Clarity Portable ADS-B Receivers Debut at Sun ’n Fun

AIN News Live » Sun 'n Fun » 2013
Sagetech’s portable ADS-B receivers come in two versions: a baseline Clarity unit–seen here on the glareshield–that receives ADS-B signals on both 978 and 1090 MHz, and the Clarity SV with both frequencies and an attitude heading reference system (AHRS), which can be used to display attitude on compatible devices and applications.
April 8, 2013, 1:30 PM

Sagetech’s Clarity portable ADS-B receiver, which began shipping on March 27, is on display this week at the company’s booth (No. D-028) at the Sun ’n Fun Fly-in in Lakeland, Fla. The device comes in two versions: a baseline Clarity unit that receives ADS-B signals on both 978 and 1090 MHz and the Clarity SV with both frequencies and an attitude heading reference system (AHRS), which can be used to display attitude on compatible devices and applications.

The Clarity ADS-B receivers are compatible with iPad apps such as Hilton Software’s WingX Pro7, which offers synthetic vision that works with the Clarity SV’s AHRS, and GlobalNavSource’s iPad EFB, as well as portable devices by Adventure Pilot (iFly GPS) and SkyVision Xtreme. “Generally all Wi-Fi-enabled devices [are compatible],” according to Sagetech, “including iPad/iPhone iOS 4.x or later and Windows-based tablets and PCs. The Android operating system is not compatible at this time.”

Both Clarity units include dual-frequency ADS-B IN receivers, data-burst technology that buffers ADS-B messages when the tablet is sleeping, Waas GPS receiver, Wi-Fi connectivity and up to eight hours battery life, Sagetech said. The Clarity is priced at $1,150 and the Clarity SV with AHRS is $1,400.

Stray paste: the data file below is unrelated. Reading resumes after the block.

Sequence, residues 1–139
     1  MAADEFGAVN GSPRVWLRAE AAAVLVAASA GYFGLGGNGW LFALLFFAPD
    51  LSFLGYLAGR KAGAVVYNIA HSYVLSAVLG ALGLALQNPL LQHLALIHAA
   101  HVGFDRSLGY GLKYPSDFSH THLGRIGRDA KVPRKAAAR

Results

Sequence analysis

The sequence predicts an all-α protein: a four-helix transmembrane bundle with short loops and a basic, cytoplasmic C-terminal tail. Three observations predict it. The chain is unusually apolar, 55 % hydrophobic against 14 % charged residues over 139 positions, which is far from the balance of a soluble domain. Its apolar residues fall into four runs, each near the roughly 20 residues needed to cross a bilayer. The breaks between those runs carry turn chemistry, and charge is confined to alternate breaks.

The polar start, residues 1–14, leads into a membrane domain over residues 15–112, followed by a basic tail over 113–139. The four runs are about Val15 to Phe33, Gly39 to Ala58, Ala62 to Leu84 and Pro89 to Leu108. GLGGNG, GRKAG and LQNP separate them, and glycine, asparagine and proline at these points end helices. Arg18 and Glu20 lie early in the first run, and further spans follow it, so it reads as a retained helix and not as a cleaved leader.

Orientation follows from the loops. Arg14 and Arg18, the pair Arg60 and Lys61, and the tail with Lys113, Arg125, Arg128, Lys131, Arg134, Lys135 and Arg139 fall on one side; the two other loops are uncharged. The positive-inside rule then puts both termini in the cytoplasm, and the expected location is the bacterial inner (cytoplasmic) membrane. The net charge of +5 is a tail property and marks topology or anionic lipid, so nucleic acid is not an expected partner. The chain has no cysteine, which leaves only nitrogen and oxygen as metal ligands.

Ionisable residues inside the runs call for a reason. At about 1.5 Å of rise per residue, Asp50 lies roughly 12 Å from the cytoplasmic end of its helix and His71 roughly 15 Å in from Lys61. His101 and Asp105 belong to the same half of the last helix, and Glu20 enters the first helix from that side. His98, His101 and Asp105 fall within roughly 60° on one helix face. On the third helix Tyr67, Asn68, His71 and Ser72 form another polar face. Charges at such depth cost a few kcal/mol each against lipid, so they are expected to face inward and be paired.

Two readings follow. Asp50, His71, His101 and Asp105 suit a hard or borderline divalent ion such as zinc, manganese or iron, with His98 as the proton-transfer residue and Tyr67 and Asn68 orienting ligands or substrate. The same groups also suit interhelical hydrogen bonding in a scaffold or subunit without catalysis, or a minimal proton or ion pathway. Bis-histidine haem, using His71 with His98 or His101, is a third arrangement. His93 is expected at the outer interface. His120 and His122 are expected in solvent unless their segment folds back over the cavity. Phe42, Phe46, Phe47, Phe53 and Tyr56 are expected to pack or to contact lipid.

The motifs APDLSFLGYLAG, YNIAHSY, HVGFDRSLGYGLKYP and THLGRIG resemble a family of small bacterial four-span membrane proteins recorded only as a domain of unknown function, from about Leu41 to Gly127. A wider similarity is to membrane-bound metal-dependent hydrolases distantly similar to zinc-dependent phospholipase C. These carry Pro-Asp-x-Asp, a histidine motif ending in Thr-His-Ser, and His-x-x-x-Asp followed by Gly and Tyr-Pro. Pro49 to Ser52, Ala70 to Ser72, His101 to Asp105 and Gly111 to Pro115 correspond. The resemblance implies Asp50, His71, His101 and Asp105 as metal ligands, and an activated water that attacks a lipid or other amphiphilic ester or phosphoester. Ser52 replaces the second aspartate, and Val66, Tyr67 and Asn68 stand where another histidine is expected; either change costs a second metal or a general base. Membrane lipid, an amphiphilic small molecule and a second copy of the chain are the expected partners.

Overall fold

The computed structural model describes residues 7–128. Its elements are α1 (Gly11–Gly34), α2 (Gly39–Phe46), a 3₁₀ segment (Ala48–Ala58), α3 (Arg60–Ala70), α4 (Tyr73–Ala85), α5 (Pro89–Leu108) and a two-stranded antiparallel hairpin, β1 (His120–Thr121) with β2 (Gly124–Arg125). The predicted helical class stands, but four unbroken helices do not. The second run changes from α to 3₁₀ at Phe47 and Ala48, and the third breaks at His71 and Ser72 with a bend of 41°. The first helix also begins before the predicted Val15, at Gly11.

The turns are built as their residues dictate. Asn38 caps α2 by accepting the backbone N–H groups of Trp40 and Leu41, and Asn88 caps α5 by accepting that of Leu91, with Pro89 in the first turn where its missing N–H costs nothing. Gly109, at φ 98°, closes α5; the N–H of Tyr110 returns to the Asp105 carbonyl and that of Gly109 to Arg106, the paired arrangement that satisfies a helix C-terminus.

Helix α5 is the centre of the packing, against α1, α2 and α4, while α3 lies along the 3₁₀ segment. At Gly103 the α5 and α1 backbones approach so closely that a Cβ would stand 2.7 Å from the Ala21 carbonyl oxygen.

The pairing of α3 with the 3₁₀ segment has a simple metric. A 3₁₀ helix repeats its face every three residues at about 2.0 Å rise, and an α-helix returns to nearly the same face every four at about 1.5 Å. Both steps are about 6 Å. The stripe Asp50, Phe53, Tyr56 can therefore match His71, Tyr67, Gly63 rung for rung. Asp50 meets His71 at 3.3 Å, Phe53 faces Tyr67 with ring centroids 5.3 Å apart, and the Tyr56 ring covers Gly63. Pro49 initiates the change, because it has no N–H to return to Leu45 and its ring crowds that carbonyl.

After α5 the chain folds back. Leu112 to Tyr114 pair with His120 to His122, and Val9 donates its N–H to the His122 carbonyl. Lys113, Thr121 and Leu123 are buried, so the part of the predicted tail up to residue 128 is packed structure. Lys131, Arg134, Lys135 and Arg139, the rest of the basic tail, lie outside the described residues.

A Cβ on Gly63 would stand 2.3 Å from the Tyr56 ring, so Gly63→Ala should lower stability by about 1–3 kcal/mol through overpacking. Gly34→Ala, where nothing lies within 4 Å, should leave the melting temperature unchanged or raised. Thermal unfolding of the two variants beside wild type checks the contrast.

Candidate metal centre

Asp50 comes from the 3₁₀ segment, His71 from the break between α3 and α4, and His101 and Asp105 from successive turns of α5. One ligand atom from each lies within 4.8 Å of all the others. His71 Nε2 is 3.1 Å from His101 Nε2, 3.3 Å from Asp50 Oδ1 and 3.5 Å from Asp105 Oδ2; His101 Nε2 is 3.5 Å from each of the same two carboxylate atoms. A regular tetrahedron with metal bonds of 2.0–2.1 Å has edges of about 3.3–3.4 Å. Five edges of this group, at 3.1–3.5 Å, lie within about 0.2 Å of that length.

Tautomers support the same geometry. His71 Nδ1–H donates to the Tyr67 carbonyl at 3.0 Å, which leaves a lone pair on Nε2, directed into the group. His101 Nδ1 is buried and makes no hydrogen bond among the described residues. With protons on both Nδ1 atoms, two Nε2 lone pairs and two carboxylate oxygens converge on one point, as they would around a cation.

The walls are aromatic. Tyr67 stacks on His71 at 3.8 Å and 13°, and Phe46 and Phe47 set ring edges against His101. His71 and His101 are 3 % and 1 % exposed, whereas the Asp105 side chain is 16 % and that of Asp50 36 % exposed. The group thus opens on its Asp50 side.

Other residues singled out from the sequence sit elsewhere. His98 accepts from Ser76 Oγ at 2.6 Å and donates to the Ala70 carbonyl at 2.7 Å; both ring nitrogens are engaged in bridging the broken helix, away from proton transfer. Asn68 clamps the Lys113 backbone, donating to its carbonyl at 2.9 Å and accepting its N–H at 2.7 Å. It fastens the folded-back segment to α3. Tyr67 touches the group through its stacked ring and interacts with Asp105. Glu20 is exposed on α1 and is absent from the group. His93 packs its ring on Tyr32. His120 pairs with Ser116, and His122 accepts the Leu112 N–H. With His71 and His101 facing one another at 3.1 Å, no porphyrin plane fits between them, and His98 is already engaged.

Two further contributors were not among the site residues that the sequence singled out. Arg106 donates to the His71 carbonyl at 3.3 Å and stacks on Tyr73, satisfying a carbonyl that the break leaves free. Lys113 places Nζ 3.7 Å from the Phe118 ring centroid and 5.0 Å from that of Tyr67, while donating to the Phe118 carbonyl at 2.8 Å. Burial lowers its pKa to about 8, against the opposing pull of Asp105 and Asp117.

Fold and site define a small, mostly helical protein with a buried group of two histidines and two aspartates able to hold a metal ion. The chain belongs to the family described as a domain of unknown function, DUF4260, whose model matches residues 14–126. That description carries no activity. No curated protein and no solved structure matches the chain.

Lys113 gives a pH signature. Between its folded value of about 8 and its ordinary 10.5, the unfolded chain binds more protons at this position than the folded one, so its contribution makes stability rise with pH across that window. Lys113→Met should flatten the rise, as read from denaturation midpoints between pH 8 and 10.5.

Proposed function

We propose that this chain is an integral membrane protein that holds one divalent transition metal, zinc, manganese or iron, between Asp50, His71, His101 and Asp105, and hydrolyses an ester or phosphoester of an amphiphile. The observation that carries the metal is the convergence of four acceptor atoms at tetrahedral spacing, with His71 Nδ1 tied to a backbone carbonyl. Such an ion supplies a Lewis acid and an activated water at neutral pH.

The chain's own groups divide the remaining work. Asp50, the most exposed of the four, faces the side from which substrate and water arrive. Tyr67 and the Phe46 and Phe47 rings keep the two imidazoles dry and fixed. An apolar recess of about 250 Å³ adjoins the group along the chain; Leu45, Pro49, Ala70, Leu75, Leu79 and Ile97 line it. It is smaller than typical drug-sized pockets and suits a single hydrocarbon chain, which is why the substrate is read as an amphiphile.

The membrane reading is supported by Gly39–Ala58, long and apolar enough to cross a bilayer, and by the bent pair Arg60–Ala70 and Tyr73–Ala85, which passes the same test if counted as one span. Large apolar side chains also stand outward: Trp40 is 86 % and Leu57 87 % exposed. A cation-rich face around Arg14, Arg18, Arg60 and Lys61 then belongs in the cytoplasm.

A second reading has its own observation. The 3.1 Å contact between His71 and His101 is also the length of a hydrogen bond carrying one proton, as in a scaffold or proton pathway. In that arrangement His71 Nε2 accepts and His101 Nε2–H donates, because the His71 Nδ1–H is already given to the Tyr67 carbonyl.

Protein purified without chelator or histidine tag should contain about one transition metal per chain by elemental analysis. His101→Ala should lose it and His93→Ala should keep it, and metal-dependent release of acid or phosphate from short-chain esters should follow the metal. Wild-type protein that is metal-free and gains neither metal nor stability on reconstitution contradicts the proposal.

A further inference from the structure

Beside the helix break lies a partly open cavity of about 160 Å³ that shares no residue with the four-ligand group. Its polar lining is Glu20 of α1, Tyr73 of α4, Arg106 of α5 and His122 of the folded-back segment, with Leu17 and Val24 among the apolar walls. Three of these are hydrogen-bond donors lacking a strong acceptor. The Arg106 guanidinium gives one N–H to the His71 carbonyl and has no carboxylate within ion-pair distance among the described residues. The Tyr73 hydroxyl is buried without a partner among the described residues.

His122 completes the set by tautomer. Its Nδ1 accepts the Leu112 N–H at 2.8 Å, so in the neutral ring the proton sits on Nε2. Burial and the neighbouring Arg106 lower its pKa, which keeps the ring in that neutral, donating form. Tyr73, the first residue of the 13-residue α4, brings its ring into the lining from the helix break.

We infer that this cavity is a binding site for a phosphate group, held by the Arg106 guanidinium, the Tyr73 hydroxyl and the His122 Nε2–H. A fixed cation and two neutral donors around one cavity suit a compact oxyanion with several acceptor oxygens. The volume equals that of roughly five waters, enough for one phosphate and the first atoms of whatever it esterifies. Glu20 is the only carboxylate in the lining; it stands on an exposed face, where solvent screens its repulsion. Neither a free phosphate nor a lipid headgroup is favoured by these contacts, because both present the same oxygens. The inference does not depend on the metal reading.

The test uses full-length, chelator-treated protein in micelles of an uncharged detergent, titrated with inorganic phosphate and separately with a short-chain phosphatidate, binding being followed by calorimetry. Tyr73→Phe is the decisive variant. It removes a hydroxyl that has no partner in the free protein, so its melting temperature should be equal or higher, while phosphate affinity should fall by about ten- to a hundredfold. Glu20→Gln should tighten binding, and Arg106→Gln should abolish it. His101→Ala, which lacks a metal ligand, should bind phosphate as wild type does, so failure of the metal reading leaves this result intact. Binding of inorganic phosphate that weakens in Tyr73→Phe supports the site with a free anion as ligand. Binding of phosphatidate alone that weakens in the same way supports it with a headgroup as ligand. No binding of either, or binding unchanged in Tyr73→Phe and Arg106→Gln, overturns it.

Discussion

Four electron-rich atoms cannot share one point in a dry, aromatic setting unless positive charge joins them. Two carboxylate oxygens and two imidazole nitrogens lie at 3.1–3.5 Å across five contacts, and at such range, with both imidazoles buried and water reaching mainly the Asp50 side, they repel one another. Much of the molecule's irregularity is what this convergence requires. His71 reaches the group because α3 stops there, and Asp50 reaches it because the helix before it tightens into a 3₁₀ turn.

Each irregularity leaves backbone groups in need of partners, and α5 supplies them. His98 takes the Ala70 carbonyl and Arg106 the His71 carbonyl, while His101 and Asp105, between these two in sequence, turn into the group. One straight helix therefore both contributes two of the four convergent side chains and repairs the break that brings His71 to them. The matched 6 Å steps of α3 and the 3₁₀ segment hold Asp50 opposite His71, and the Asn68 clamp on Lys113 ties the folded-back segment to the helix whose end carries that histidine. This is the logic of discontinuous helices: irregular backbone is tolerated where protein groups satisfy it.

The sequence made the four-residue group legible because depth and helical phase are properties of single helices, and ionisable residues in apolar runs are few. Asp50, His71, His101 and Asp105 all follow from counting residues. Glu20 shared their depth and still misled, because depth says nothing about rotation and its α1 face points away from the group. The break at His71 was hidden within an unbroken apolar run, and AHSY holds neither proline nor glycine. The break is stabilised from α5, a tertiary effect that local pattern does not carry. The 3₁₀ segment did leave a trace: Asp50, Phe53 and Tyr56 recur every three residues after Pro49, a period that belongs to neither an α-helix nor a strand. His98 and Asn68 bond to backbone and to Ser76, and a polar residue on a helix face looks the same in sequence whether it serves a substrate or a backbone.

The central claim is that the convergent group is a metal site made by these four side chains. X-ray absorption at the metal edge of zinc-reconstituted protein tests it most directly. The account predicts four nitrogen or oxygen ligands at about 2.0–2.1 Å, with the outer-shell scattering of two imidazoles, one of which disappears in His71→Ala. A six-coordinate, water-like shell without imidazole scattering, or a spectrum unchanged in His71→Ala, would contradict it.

The ADS-B IN capability allows pilots to view free FAA weather products (FIS-B) on iPads and other devices while in flight. Apps with the ability to display traffic information can use free traffic data via the Clarity units, although Sagetech warns that ADS-B receivers do not necessarily show all aircraft. “ADS-B receivers can receive traffic information under some, but not all circumstances. ADS-B receivers may show some traffic, but remember that other traffic targets are out there that are invisible to ADS-B receivers,” it said.

ADS-B receivers can receive air-to-air traffic information from ADS-B OUT-equipped aircraft, of which there are few. Traffic information is also available from ADS-B ground stations, but only after the station is “woken up” by an ADS-B OUT signal sent from an aircraft equipped with ADS-B OUT. Sagetech noted that the Clarity devices are not ADS-B OUT devices. Most U.S. aircraft will be required to have ADS-B OUT by Jan. 1, 2020.

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